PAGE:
Donald Trump walked boldly onto the stage at a sports arena in Dallas, which was transformed into a rally of thousands of fervent supporters, and reinvented the time honored tradition of candidate debate prep ahead of Wednesday's crucial showdown.
"I hear they are going after me. Whatever. Whatever," Trump told roaring fans, many wearing "Make America Great" ball caps, T-shirts emblazoned with his likeness, and even one woman in a paper dress with multiple photos of the billionaire.
Trump is not the kind of candidate who spends days locked behind closed doors, fine tuning soundbites and policy jabs, put downs and zingers before a crucial debate.
While most GOP White House hopefuls have light schedules going into the debate, the billionaire real estate investor -- who repeatedly tells people he has only been a politician for three months -- does things his way. He doesn't seem worried about keeping his best material under wraps, either. Instead of pouring over debate briefing books, Trump basked in the adulation of the crowd in the public glare where he thrives, using his Texas stop to further his efforts to tap the anger and hostility of many conservative Republicans heading into the 2016 White House race.
It was red meat rhetoric for a red meat state. Trump was boastful and acidic, mocking his rivals, slamming the media, and even envisioning his own inauguration as president in January 2017 as he ridiculed the time it is taking contractors to repair the corroded dome of the iconic U.S. Capitol.
"I like the idea of the scaffolding being down when they are swearing me in, I do," Trump said, at the rally, which almost had the feel of one of the party's national conventions -- all before a single vote is cast in the nominating race.
If he emerges triumphant from the debate, when he will face Republican rivals who are increasingly concerned about his long run at the top of the polls, Trump's show of bravado in Dallas will add more intrigue to the contest.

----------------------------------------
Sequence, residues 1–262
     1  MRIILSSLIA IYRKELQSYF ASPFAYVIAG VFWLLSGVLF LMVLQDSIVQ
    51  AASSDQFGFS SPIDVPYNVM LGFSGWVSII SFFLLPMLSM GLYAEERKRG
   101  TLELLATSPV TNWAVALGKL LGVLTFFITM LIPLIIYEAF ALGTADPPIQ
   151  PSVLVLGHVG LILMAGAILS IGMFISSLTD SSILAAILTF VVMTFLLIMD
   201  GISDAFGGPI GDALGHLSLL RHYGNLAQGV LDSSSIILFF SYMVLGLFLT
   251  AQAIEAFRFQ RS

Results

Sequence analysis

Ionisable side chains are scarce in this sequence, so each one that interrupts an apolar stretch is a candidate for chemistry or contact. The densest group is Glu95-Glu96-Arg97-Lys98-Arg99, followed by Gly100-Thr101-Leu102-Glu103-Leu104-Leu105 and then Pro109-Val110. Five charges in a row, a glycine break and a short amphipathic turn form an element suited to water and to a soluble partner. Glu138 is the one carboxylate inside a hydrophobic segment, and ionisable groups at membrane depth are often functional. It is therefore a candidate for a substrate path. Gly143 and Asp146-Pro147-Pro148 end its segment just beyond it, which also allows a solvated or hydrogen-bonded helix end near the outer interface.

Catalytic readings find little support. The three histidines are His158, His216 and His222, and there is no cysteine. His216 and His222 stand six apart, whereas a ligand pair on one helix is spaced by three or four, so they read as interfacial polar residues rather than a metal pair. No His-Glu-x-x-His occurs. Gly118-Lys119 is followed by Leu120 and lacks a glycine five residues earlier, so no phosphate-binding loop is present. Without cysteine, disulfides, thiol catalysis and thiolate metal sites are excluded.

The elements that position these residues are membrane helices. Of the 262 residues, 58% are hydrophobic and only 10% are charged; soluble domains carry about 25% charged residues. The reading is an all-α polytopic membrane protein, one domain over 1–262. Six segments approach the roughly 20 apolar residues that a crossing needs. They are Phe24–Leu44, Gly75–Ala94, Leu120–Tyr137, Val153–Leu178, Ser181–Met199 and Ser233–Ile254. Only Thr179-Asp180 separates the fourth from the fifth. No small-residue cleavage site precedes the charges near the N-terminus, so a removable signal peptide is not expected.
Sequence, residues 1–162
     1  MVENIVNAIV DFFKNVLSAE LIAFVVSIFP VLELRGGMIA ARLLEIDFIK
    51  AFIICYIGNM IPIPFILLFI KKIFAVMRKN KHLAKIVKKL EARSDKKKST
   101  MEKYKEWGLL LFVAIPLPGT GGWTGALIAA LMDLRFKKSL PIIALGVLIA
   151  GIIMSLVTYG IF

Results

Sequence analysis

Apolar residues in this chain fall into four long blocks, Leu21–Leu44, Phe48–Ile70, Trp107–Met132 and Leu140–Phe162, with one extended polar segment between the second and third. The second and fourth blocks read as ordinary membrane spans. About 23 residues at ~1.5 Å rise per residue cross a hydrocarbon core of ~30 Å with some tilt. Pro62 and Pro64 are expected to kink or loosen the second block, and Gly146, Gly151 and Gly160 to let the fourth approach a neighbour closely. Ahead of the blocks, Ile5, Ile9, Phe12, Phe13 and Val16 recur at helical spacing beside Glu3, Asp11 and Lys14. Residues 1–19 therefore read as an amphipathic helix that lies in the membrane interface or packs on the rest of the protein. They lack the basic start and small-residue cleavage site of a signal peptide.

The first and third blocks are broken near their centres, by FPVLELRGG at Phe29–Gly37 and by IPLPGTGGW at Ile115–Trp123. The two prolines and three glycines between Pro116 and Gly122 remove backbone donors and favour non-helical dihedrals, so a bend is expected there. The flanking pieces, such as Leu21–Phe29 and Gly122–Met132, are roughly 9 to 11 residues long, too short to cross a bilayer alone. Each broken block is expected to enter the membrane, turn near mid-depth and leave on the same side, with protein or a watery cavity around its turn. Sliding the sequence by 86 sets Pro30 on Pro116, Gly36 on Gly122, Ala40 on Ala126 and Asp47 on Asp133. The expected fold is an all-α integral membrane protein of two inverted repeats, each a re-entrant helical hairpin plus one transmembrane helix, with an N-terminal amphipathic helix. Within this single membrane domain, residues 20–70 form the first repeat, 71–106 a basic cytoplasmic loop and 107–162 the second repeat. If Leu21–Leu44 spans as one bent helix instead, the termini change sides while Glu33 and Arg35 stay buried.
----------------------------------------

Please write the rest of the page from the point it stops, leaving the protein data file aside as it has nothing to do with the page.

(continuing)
But if he stumbles, or gets goaded into a gaffe that raises doubts among voters about whether he is really of presidential timber, pundits are sure to criticize him for putting on a pugnacious show in Dallas rather than quietly doing his debate homework.
In the arena that's home of the Dallas Stars and Dallas Mavericks sports franchises, which was mostly packed, apart from seats at the very top of the 20,000 capacity arena, Trump ran through the routine he will use to parry attacks on Wednesday night, as his hour-long monologue was punctured by vibrant standing ovations and chants of "USA, USA".
The biggest cheers, in border state Texas, came over his vow to build a wall on the southern frontier and to make Mexico pay for it -- even though many pundits and opponents says it's an unworkable, expensive idea.
"We have to build a wall. And a wall works. All you have to do is go to Israel and say how is your wall working?" he said, referring to the barrier between the Jewish state and the Palestinian territories on the West Bank.
Trump also complained that rivals like retired neurosurgeon Ben Carson and former businesswoman Carly Fiorina were being praised for "surging" in the polls when he was really the one setting the pace. He took shots at conservatives like George Will and Karl Rove and pundits who had doubted his campaign would ever get off the ground.
"One person -- a real loser -- said 'he's a clown.' Now they are saying, 'How are we going to stop this guy?'" he said. "I haven't heard the word clown in a while."
Trump's rhetorical style, which often comes across as rambling and disconnected on television, works better in a crowd. He leans over his lectern, in his patriotic red, white, and blue, suit, shirt and tie combo and really seems to be engaging his audience.
On Monday night, he was clearly preaching to the converted.